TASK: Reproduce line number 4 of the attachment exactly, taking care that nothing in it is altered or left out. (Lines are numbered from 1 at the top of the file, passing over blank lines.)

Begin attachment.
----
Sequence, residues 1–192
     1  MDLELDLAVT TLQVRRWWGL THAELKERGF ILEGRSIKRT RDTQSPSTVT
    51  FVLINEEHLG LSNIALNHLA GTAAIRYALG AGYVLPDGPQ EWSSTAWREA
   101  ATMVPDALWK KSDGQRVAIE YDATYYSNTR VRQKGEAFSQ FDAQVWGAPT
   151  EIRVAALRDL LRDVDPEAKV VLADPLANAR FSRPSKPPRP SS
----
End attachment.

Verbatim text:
   101  ATMVPDALWK KSDGQRVAIE YDATYYSNTR VRQKGEAFSQ FDAQVWGAPT